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Monthly Downloads: 9
Programming language: Haskell
License: BSD 3-clause "New" or "Revised" License
Tags: AI     Games    
Latest version: v1.2.1

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smarties

Smarties is a general purpose behavior tree (BT) library written in Haskell. The library supports utility AI for advanced decision making. Smarties implements many of the design patterns outlined in this paper and some that aren't.

BTs are written in a DSL built with the NodeSequence monad. Monadic return values are used for computing utility and passing state between nodes.

To jump right in, please see the this tutorial example implementing Conway's Game of Life. There are other examples in the examples folder that I either put in too little or too much effort.

Terminology

  • perception: input and computation state of the BT. Named perception because it represents how the tree perceives the outside world. It's possible to write nodes that modify perception so that your BT has mutable perception (or state). Since you are already writing in Haskell, you probably don't ever want to do this.
  • sequence: control node that executes each child node in sequence until it hits a FAIL node and collects all output.
  • selector: control node that executes the first SUCCESS node.
  • utility: optional monadic output for a node that can be used for more complex control flow. For example utilitySelector executes the node that has the largest utility.

Understanding the NodeSequence Monad

NodeSequence is a computation that executes all it's internal nodes. At each >>= it will check the output and early exit if it reaches a FAIL.

NodeSequence has the following definition

data NodeSequenceT g p o m a =  NodeSequence { runNodeSequenceT :: g -> p -> (a, g, p, Status, [o]) }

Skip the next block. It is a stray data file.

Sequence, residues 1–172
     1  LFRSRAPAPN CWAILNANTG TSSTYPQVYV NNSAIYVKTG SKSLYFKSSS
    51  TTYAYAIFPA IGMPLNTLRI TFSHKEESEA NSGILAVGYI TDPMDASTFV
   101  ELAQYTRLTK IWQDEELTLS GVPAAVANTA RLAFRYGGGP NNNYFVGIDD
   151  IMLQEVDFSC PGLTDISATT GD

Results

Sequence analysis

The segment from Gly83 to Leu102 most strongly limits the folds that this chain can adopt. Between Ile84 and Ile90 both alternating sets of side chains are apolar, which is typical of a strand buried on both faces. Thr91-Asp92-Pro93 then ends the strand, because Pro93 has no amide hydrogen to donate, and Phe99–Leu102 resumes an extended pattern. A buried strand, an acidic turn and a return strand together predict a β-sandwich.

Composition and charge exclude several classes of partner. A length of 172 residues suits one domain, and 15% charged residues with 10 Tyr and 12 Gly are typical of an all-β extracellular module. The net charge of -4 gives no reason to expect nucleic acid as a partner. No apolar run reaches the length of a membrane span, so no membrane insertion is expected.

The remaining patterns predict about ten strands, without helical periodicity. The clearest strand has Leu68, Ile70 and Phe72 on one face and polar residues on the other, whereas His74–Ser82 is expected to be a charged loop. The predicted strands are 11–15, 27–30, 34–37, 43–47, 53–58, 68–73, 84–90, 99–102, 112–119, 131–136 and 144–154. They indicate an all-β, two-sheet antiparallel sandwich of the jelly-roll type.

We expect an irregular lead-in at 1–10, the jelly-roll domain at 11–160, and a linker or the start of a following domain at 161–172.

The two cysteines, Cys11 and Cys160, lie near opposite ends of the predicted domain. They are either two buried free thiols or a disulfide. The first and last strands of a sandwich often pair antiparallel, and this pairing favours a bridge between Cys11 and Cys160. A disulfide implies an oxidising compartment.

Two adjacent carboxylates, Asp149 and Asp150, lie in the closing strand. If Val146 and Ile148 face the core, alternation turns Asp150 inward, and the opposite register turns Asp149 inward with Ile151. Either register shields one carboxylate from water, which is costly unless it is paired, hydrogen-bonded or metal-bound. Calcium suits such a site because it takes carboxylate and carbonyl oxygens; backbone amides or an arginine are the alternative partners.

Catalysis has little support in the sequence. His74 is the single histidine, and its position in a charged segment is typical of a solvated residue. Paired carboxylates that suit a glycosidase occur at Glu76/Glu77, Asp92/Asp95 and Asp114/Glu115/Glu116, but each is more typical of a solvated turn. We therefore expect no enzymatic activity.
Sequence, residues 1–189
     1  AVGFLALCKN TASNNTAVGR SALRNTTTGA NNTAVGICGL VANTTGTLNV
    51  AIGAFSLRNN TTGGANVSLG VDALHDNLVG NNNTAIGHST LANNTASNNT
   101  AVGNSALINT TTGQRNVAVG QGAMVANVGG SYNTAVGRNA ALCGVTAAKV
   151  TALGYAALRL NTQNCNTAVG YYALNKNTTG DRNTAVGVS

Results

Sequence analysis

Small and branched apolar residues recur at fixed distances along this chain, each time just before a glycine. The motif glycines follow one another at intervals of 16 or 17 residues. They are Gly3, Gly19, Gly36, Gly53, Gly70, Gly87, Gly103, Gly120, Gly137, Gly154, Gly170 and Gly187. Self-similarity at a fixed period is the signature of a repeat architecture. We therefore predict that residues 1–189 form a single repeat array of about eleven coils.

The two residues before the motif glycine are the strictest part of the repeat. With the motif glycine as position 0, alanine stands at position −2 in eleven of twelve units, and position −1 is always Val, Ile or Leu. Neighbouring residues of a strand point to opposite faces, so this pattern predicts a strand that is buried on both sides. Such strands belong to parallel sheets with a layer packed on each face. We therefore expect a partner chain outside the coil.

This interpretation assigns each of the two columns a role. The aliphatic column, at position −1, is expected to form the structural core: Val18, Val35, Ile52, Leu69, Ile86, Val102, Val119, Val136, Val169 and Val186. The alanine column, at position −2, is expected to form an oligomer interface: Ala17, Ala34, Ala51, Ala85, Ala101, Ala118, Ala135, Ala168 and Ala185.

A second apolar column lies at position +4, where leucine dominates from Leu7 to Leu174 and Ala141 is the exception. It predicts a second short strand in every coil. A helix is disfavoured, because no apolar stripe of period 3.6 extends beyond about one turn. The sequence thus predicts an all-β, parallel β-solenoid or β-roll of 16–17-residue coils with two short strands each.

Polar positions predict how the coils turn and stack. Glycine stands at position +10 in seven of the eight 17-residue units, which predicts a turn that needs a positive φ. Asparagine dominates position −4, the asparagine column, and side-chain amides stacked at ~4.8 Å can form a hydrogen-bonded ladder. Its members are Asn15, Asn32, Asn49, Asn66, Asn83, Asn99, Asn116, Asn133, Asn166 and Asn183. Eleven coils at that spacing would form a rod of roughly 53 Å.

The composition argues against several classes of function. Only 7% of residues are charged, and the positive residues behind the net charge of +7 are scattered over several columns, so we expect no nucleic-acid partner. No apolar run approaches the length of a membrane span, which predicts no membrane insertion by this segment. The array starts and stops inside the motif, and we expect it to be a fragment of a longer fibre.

The sequence represents a computation that takes a generator and perception and returns an output with the following types:

  • a: monad output type, typically used for computing utility
  • g: random generator
  • p: perception type
  • Status: Status of executing NodeSequence, either SUCCESS or FAIL
  • o: output type (or action type)

NodeSequence looks a lot like StateT (p,g) Writer [o] except with an additional Status output. The difference is that with each >>= if the input computation has Status FAIL, the monad will stop accumulating changes on p and appending to [o]. Note that it will continue to pass through p and g to evaluate the monadic return value a which is needed for things like utility selectors. Thus running NodeSequence produces an a and two thunks representing the perception and output up until the first FAIL.

The monadic return value is useful for passing general information between nodes. For example it's possible to implement loops:

howQueerIsMyFriend = sequence $ do
    x <- getFriend
    n <- numberFriendsOf x
    clique <- forM [0..(n-1)] (\n' -> do
        s <- getFriendOf x n'
        return queerness s
        )
    return (mean clique)

Builders

Smarties provides the Smarties.Builders module for building your own logic nodes which are needed to actually use Smarties in a project. It supports the following types of nodes:

  • Condition: create a condition node
  • Action: create an action node
  • Utility: create a node that returns a utility score
  • Perception: create a node that modify the perception

Each builder (except for Perception) has a simple variant (prefixed by Simple) which ensures the perception is immutable. You'll want to use the simple variants in most cases.

To keep the syntax simple in most cases, there are non-transformer variants of each builder which wrap the transformer ones.

Other

  • Smarties gives access to the (rather simple) BT control methods in Smarties.Nodes. Most of its power comes from the flexibility of monadic syntax. In some cases, it may be better/simpler to use something like StateT (p,g) Writer [o]. Sequence and selectors are still possible with monadic operations like ifM.

Additional Features:

Some ideas for features to add to this package. I'll probably never get to these but feel free to submit a PR.

  • Built in support for Statistic.Distribution.Normal for modeling risk reward. This includes basic operations on distributions.

  • It is possible to modify perception during tree execution. This is only recommended in the special case where the input state is same as what the tree is operating on as a whole in which case the tree represents a sequential set of operations on a value. e.g. NodeSequence g Int (Int->Int) represents operations on an Int value. In these cases, ensure the SelfActionable p o constraint is satisfied and use SelfAction which is the same as Action except also applies the output to the perception. The current implementation is a little idiosyncratic and I may remove in the future so it's mentioned here for now.